Three Ages is presented in 1080i and doesn’t quite hold up as well as Sherlock Jr. Some rough degeneration has occurred with several scenes in the film and a lot of the detail is washed out.
There are three soundtrack options for Three Ages. The first is a LPCM 2.0 piano and string score by Robert Israel that is probably the most enjoyable way to watch the movie. Also included is a organ score by Lee Erwin and a piano score from an anonymous contributor. Both are presented in Dolby Digital mono.
Both films are featured on the same disc. Special features, though, are divided into separate menus for each film. All the features are presented in high-definition.
Commentary by David Kalat, film historian — Kalat’s tack is chock-full of interesting trivia and background regarding Keaton’s work, the making of the film and it’s themes. If you are coming into Keaton’s work with little knowledge of his other work, this commentary is a highly recommended listen.
Tour of Filming Locations — A 10 minute long presentation by Silent Echoes author John Bengston, this feature explores the various real-life locations that Keaton utilized for his film.
Movie Magic & Mysteries — A nearly half-hour documentary on the making of Sherlock Jr., this feature is presented by David B. Pearson and delves deep into the film’s production — including how several of Keaton’s more tricky shots were accomplished.
Stills — Finally, there are 27 pictures presented in high-definition.
Tour of Filming Locations — John Bengston is back with an eight minute look at the locations where the film was shot.
Man’s Genesis — A 10-minute excerpt from the D.W. Griffith short film that helped inspire Keaton to direct the Stone Age segments of the film.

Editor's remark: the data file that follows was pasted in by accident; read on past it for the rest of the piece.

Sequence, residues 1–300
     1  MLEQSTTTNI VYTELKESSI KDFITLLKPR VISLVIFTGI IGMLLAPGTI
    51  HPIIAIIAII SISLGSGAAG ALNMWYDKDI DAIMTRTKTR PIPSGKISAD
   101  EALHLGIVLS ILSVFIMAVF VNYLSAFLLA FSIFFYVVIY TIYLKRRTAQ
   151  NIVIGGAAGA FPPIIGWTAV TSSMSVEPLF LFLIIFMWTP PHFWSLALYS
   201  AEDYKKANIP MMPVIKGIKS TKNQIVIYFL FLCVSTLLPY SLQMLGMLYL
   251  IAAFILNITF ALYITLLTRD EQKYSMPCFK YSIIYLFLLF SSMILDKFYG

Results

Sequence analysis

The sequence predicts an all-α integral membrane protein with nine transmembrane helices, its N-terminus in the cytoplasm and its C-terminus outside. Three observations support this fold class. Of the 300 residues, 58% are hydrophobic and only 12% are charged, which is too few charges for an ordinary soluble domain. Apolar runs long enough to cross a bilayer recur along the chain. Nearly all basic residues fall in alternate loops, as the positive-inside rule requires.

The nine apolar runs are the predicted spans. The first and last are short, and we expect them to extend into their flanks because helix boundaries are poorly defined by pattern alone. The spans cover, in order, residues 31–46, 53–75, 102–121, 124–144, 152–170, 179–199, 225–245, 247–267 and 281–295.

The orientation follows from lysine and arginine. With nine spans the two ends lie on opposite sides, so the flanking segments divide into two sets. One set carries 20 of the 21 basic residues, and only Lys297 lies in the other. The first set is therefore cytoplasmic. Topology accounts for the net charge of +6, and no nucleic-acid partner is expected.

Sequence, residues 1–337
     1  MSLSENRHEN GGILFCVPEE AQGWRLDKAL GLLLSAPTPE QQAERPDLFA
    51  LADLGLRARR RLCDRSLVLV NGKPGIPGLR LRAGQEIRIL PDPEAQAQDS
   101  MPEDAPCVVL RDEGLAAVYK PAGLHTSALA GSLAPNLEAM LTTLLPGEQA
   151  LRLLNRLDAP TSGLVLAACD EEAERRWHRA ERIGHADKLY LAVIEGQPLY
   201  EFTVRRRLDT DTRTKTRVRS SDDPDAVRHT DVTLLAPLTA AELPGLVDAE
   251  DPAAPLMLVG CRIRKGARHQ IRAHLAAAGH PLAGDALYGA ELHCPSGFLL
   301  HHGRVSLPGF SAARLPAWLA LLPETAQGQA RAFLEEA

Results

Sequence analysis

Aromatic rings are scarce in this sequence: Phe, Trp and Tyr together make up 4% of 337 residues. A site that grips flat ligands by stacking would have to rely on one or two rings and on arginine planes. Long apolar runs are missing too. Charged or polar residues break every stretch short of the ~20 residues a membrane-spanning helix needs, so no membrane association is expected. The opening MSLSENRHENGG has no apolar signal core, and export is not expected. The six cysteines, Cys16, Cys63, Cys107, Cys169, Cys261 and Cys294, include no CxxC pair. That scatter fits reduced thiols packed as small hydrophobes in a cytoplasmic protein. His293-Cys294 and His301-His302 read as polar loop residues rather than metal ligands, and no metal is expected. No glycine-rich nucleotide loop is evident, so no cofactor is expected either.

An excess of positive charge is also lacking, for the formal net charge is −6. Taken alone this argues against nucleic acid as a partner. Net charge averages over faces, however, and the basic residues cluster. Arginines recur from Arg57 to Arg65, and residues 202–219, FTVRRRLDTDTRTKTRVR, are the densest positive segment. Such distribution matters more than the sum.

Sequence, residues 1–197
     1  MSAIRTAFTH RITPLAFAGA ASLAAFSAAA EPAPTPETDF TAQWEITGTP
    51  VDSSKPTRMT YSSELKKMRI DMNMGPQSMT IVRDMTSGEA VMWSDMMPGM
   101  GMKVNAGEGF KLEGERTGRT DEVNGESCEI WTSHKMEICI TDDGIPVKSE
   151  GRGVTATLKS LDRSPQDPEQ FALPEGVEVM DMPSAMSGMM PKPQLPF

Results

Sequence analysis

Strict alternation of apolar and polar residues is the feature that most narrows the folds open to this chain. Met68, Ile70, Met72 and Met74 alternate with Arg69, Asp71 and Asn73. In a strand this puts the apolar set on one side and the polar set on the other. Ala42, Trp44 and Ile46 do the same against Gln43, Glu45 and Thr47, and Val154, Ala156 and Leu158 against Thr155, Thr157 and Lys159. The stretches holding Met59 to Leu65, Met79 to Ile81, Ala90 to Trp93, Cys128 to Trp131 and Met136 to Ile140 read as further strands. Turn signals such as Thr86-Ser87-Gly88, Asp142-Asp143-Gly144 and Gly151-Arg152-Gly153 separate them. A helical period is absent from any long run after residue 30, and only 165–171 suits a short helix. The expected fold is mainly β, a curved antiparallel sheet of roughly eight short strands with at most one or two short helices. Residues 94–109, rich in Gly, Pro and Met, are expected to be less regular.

Three Separate Ages — This feature offers a re-edit of the film where the film’s three storylines are separated and made into their own short films.
Stills — Twenty-one high definition pictures are included in a gallery.
I can’t express how remorseful I am over not having discovered Keaton’s work sooner. The films are truly some of the funniest movies I have seen all year and I can say, without pause, that the double-feature Blu-ray set of Sherlock Jr. and Three Ages is probably worth a blind buy from anybody who enjoys laughing. And really, who doesn’t enjoy laughing? Hitler, that’s who.
Kino has done an amazing job releasing the films in the best possible video and audio presentation possible. The wide selection of audio track choices and the informative extras only seal the deal — this is one movie set worth seeking out ASAP.
Kino Video presents Sherlock, Jr. and Three Ages Directed by: Buster Keaton. Starring: Buster Keaton, Joe Keaton, Kathyrn McGuire, Margaret Leahy and Wallace Beery. Written by: Jean Havez, Joseph Mitchell & Clyde Bruckman. Running time: 108 minutes. Rating: N/A. Released on Blu-Ray: November 16, 2010.
Tags: Jackass, Johnny Knoxville, Michael Cera